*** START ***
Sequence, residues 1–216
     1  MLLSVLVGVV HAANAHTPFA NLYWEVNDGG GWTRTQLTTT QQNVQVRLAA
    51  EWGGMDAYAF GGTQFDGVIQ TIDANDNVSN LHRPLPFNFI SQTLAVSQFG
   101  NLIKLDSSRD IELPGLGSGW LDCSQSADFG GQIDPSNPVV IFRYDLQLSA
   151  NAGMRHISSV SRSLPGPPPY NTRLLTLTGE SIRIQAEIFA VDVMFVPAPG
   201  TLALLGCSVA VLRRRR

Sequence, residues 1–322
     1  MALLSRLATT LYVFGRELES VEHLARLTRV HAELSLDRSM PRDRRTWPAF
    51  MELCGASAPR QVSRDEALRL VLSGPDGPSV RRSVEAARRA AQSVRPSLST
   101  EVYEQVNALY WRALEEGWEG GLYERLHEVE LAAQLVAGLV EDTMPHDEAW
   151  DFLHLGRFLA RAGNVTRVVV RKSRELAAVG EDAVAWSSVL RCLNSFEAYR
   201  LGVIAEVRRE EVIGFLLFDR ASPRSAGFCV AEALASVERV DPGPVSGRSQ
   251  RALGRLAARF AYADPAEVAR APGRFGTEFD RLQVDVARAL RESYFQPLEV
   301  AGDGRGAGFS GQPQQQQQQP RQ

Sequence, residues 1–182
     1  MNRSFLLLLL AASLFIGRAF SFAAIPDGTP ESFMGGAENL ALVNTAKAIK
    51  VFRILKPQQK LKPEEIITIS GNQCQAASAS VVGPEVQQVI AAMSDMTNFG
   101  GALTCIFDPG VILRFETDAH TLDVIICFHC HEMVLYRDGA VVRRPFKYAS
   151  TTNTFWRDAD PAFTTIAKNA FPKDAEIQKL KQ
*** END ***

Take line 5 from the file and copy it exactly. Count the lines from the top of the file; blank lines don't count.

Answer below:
   151  NAGMRHISSV SRSLPGPPPY NTRLLTLTGE SIRIQAEIFA VDVMFVPAPG